I’m going to describe an image to you, and I want you to think about where you’ve seen it in the last few years.
There’s a man — maybe wiry, maybe with a potbelly; either way, his forearms are sinewy and covered with tattoos. The sleeves of his flannel are rolled up. He stands at a reclaimed wood table, where he’s stuffing thyme in a fish, or lighting an orange peel on fire, or brining a brisket for homemade pastrami. You can almost smell the sandalwood oil emanating from his beard.
I’ll tell you where you’ve seen it in the last few years: fucking everywhere.
That’s because we’ve reached the time when companies have finally realized that male foodies are a thing. These are men who not only love elaborate and well-made food, but also cook it, and not just on a grill (George Foreman or otherwise).
If you’re rolling your eyes at this, two things: One, I know the word “foodie” is as annoying at this point as the word “hipster,” but you do know what I mean. And two, I know that there have been dude foodies for a long time — much, much longer than companies have used it as a marketing strategy. There’s probably a great argument to be made about how male foodies have existed since the beginning of males eating food, but for now we’ll focus on a time slightly after the dawn of humanity: the 1920s.
Pop culture researcher Sherrie A. Inness wrote about the rise of the male cook during the 20s in her book Gender and Cooking:
Cookbook publishers, magazine writers, food processing companies, grocery stories, and kitchen appliance manufacturers devoted most of their attention — and their recipes — to the married middle-class female consumer, presumably the person in charge of the family’s daily meals. But during the 1920s and 1930s, popular household magazines also regularly discussed and depicted male culinary adventures. A significant number of cookbooks authored by men appeared on the market in the 1920s and 1930s as well.
But because, as is still the case today, cooking was considered more of an optional skill for men, men usually didn’t cook because they had to. Instead, they cooked for fun. Inness demonstrated this with a comparison of men’s and women’s meatloaf recipes, noting that the recipes for women usually were about finding a cost-friendly way to feed the family, but:
Meatloaf recipes for “the man in the kitchen” certainly did not represent a simple, thrifty family dinner, or a tasty way to use up odds and ends. The meatloaf’s creative possibilities, as described by cookbooks for women, rarely exceeded a simple stuffing or layer of biscuit dough. But in cookery instruction for men, meatloaf usually called for somewhat exotic ingredients, fine grades of meat, and required far more work than meatloaves in cookery instruction for women.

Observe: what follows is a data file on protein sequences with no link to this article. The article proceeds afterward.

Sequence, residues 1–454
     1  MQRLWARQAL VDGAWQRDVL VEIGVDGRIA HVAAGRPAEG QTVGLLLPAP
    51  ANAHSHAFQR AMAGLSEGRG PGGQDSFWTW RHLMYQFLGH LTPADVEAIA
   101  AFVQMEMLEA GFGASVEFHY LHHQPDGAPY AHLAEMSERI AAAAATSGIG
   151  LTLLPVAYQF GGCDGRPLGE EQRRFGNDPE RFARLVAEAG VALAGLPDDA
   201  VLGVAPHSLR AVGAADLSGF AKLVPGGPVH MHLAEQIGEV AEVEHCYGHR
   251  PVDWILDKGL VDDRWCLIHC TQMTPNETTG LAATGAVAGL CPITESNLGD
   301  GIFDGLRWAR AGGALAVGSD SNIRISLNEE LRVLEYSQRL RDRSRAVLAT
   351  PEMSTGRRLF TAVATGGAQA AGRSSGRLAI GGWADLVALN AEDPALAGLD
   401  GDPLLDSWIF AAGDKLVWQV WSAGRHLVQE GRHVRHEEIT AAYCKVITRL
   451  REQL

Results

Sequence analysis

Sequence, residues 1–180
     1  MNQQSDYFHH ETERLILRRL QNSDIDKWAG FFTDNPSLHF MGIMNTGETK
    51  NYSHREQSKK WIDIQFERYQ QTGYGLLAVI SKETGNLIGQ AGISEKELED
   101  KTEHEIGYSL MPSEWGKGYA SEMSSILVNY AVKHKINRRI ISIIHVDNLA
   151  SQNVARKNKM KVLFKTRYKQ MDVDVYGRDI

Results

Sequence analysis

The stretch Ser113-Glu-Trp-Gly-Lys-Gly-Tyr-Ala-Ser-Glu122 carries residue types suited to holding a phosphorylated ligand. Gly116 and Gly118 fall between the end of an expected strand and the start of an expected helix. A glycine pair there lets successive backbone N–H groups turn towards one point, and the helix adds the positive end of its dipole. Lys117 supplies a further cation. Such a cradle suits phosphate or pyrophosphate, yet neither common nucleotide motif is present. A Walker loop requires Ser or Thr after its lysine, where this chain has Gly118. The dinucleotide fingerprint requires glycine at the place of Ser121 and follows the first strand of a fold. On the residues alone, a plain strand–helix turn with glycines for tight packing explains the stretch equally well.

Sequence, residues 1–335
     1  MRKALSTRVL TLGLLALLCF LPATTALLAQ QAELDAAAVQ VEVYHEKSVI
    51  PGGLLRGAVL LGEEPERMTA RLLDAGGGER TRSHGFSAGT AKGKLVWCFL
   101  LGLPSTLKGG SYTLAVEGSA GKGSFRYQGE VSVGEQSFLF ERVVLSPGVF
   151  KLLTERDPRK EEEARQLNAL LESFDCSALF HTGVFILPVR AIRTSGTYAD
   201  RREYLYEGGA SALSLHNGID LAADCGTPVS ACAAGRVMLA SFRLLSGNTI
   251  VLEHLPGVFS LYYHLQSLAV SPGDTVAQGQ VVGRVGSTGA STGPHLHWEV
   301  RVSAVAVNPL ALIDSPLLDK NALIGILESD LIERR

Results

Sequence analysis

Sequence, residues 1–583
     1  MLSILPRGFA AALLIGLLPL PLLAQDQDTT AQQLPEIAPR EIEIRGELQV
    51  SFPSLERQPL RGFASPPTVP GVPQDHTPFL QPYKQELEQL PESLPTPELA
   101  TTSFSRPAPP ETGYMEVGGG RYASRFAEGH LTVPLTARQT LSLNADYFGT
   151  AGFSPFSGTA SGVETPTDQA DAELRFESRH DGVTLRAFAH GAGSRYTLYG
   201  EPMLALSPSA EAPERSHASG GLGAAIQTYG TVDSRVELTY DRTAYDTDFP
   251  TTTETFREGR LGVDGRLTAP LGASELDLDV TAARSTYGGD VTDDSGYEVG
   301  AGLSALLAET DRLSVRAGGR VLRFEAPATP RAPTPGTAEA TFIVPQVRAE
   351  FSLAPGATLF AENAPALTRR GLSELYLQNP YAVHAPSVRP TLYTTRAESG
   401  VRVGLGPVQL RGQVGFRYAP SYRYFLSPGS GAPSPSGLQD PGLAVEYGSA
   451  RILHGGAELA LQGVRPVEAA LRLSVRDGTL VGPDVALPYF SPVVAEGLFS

This specific example, in fact, is at play in my favorite for-men cookbook from the time, 1922’s The Stag Cookbook. The book is a collection of recipes from famous men of the era, and mathematician and engineer Charles P. Steinmetz submitted his recipe for a meatloaf that included “Beef, veal, and pork (sirloin steak and chops).” To this, the intrepid chef added chopped bacon and then topped the whole shebang with a cup of cream.
There are other bits of “foodie” flair in The Stag Cookbook. In fact, in the book’s very first entry, author and politician Meredith Nicholson does the thing that is perhaps most essential to being a foodie in any era: pretentiously shitting on other people’s lazy choices. In this case, Nicholson craps all over the chafing dish:
I beg not to be confused with the type of bachelor club man who is a perfect wizard with the chafing dish. I have always viewed those birds with suspicion. Their tricks are few and easy of accomplishment — stunts with mushrooms, or chicken a la king done nonchalantly in a dinner coat. I sing my fiercest hymn of hate of those persons.
You can almost hear the echo of your one friend who gets angry when the bartender doesn’t slap the mint before putting it in his cocktail. To be fair, though, not all of the entries in The Stag Cookbook are so high-end. For example, Dr. Livingston Farrand’s description of his favorite food—sausage and griddle cakes—was so poor that the editor had to explain the entire recipe in an editorial note.
But whether the recipes are high-end or low-class, one thing that’s a delight about The Stag Cookbook is that it doesn’t feel the need to handhold scared men through the fear of losing all their testosterone if they start cooking. Perhaps this is because the book is from an era before women started moving into the workforce en masse, which required more men to step up to kitchen duty. But it’s a pitfall that many modern cookbooks for men fall into. The introduction to 2000’s The Real Man’s Cookbook, for example, reads like the author was afraid a bunch of neighborhood boys were going to come beat him up just for turning on the oven, with lines like, “Many men, in these trying times of feminism, are forced to fend for themselves,” and “Being the cook of the house, I also feel an urgent need to lay to rest notions of cooking as a pansy sport.”
Meanwhile, 2012’s Man Meets Stove repeatedly stresses that cooking is a good way to have sex with women, with lines like, “We can tell you how to make a girl gasp with ecstasy with nothing more than a spoon,” as if no man would be convinced that eating good food is reason enough alone to cook.
These examples demonstrate the most manly thing about The Stag Cookbook and 1920s male cooks in general: that the sign of a “real man” foodie is cooking without feeling like you have to justify it.
Meg Favreau is a Los Angeles–based writer of funny, sad, and strange things. Her writing has appeared in McSweeney’s, Table Matters, Someecards, a sketch comedy show for Vine stars and her website, megfavreau.com.